Steve Crowther writes on behalf of the NEC

On February 13th 2018, the Leader has published an attractively-presented new Draft Constitution, which has been sent out to all members for whom the party has email addresses. I should point out that this draft and ‘consultation’ has not been discussed with or presented to the NEC, so is an informal process at best.

No doubt there will be an opportunity for members not on email/Internet to examine it shortly, in hard copy, and Henry will let us know how to respond to his three-week ‘consultation’, and to whom. Obviously, no consultation can be valid if a quarter to a third of members have no access to it.

I have had a chance to look through the new Draft Constitution and, as someone who was elected to represent the members’ interests on the NEC (with almost as many votes as Henry got, in a field of 91 candidates, rather than seven), I find the tone of this proposed ‘reform’ quite chilling.

More power for Leader, less for members

As expected, it seeks to remove power from the NEC and give full control of the party to Mr Bolton and a Board of his appointees.

This has been espoused by Nigel in recent years; though his other idea, for a ‘5-Star style’ party in which the members drive policy through direct democracy, is notably absent. I was never sure how these two ideas – the concentration of power away from members and into the hands of the Leader, and the provision of greater member democracy – could be made compatible; and of course, they can’t.

No longer a libertarian party

The first thing that strikes one on reading the draft is that the word ‘libertarian’ has been removed from the party’s definition of itself. Some members may like that; many, I imagine, will be appalled.

Of particular interest is the new para 4.1, which places the Leader, rather than the NEC, in full charge of the organisation of the party and its structures.

In the current draft, Mr Bolton provides himself with a new personal power or veto in paragraphs 4.2, 7.3, 7.4, 9.1, 10.1, 10.5, 11.1, 11.2, 13.2, 13.3, 14.4, 14.6, 16.1, 17.4, 23.11, 28.2, 29.1, 32.1, 34.1, 36.2, 36.7. 36.8, 39.1, 39.2, 43.2, 51.1. (I may have missed one or two, but you get the idea.)

Massive new powers for the Leader

This wholesale power-shift provides the Leader with personal control over who can be a member, the level of subscription, organising the party structure, organising special conferences and EGMs, how much to charge branches for EGMs, appointment of party officers, appointment of ‘interim NEC members’, appointments of the Party Treasurer, Party Secretary, General Secretary, Deputy General Secretary, National Nominating Officer, Deputy Leader (who will automatically become Leader if he is unavailable), sub-committees acting with the delegated authority of the Leader, plus removal of party officers, all aspects of policy and political organisation, appointment of the Party Cabinet, and the power to make any appointment he sees fit (including his new Chief of Staff).

Clamping down on dissent

More concerning, however, is 10.3, in which a new disciplinary offence is created: Activity ‘liable to undermine the cohesion and unity of the Party’. This Stalinist measure will allow the Party Leader to exercise an iron discipline over anyone who dissents; and since dissent is the Ukipper’s raison d’etre – and is surely the point of any political party – I am not sure that is entirely healthy.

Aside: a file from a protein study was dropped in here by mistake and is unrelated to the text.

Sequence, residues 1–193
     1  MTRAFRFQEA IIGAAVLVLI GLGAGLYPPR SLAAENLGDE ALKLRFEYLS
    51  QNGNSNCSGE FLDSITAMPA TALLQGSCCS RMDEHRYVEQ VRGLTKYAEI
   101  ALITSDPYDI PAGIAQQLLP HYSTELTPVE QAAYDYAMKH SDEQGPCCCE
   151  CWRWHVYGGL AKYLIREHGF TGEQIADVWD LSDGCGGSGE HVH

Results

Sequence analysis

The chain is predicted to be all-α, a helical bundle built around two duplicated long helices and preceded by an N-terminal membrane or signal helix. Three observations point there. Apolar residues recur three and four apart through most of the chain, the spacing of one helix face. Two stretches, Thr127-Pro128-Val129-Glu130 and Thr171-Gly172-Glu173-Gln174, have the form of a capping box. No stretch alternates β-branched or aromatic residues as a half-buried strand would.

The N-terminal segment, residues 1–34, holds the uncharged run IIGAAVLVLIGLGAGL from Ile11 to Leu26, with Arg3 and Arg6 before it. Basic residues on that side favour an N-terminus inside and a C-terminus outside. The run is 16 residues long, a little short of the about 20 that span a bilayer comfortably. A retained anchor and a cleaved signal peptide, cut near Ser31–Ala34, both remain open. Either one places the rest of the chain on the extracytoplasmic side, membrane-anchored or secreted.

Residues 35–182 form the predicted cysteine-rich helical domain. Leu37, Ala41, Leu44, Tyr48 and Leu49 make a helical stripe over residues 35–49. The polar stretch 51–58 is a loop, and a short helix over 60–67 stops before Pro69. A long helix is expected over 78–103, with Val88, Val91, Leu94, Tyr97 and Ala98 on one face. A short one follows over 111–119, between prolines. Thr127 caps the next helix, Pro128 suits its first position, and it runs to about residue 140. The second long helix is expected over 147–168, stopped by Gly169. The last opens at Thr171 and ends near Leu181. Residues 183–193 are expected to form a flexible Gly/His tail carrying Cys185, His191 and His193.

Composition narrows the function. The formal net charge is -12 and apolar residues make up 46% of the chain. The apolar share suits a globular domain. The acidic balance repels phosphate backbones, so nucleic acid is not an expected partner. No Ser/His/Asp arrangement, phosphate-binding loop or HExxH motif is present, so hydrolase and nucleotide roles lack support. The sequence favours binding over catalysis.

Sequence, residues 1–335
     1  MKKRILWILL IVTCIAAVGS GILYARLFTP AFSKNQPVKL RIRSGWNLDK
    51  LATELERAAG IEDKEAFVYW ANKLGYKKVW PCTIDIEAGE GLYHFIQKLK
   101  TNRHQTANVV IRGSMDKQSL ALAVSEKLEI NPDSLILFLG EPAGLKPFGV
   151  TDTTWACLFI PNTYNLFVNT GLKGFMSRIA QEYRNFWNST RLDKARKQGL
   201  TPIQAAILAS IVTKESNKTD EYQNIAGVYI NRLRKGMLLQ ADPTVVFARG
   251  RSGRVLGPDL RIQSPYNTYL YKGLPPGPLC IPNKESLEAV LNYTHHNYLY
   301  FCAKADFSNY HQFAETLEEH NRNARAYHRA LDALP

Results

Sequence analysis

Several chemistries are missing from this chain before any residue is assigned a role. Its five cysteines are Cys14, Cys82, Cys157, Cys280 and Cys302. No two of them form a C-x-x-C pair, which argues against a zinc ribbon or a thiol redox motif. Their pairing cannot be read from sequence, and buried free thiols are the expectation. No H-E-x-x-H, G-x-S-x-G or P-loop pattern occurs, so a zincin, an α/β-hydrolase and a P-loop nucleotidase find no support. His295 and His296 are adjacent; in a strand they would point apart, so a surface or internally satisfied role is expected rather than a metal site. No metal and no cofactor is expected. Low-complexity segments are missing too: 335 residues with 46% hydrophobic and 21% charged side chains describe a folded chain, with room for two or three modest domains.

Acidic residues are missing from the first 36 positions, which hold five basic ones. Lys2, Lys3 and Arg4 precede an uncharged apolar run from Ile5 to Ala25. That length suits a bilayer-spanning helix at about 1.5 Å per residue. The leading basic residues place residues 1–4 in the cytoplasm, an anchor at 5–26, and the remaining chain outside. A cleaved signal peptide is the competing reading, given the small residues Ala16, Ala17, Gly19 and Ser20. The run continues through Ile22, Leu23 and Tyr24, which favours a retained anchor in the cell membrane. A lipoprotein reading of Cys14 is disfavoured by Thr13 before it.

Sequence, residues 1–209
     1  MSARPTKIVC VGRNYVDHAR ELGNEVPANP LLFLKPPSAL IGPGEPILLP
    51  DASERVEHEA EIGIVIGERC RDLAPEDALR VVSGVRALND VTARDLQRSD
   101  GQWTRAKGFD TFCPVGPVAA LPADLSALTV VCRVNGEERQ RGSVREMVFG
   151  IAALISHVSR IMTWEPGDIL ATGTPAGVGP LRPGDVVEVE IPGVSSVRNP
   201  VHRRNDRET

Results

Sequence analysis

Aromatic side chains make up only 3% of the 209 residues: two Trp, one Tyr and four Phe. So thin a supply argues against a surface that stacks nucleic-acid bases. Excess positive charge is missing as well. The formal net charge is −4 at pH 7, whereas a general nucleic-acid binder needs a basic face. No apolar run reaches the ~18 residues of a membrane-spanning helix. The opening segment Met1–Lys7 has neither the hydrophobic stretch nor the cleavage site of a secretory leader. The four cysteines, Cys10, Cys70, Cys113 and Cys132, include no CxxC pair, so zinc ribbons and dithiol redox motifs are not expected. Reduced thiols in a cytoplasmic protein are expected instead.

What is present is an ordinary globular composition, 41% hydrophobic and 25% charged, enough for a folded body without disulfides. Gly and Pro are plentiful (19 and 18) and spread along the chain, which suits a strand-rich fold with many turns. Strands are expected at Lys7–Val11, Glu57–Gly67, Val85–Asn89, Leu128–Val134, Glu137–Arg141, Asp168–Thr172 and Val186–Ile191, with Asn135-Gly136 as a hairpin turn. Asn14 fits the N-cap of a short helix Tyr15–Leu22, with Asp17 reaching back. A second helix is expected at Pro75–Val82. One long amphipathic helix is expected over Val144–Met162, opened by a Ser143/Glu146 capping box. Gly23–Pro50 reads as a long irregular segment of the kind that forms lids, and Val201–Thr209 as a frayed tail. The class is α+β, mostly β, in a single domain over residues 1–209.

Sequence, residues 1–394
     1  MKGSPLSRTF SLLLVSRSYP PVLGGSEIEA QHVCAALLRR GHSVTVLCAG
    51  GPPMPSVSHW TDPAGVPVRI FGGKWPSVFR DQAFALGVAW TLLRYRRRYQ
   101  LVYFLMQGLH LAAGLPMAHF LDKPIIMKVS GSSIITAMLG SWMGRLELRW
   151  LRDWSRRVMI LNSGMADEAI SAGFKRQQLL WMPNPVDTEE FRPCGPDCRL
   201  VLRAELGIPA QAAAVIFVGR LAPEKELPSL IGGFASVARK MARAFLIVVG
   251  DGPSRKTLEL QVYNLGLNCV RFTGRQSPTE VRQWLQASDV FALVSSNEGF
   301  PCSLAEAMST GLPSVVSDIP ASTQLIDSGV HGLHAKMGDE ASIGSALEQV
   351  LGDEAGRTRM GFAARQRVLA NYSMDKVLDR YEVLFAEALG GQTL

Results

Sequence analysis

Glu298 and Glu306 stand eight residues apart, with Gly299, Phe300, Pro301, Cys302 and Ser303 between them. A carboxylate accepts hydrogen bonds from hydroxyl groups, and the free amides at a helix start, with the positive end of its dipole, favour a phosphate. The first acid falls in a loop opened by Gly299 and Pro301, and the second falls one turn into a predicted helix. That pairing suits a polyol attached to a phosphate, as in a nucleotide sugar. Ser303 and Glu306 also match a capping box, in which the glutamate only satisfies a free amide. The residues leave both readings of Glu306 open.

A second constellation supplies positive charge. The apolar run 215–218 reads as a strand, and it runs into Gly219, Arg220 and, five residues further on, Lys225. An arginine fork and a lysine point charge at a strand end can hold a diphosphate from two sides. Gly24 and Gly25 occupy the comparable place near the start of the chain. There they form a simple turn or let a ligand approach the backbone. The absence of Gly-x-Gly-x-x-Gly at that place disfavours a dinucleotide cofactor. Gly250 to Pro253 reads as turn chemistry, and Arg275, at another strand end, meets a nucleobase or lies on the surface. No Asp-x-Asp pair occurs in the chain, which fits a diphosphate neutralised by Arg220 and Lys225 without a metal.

Under 13.2, no longer will Party Conference motions be considered by the NEC, but by the Leader-appointed Board.

Under 16.1, the same Leader and Board will be making the Rules, rather than the NEC.

In 46.1, we see that a new Disciplinary Committee is set up (presumably to hear all the cases of Ukippers ‘liable to undermine the cohesion and unity of the party’), comprising two Leader appointees, a member of paid staff (appointed by the Leader or his Board) and – glory be – one NEC member.

But perhaps the most intriguing thing is that under 36.8, the Party Leader may be a full time employee of the Party. Since the employment and management of staff has been removed from the NEC’s authority, and that employment will be controlled by the Leader’s appointees, might some conflict of interest arise there?

Members’ representatives neutered

Overall, this is a fairly simple ‘reform’, aimed at concentrating power in the hands of the Leader. The NEC will be comprised of elected Regional Chairmen, but will have no decision-making power other than ‘ensuring that decisions made by the party are made in a transparent and accountable manner’ – which since it no longer will be making them, may prove difficult.

Members voting for this – if they have had a chance to read it before voting for it in the extremely rapid timescale laid down (in part, not even allowing the minimum time laid down in the current Constitution) – would be turkeys voting for Christmas.

 

The NEC is imperfect, and in need of reform. It is, however, the only means by which ordinary members exercise control over the party and its Leader.

The NEC was created – by Nigel, ironically – specifically to prevent a Leader having autocratic powers.

Reform the NEC by all means – the current NEC will willingly help you, and consult you properly.  But lose it at your peril!

 

 

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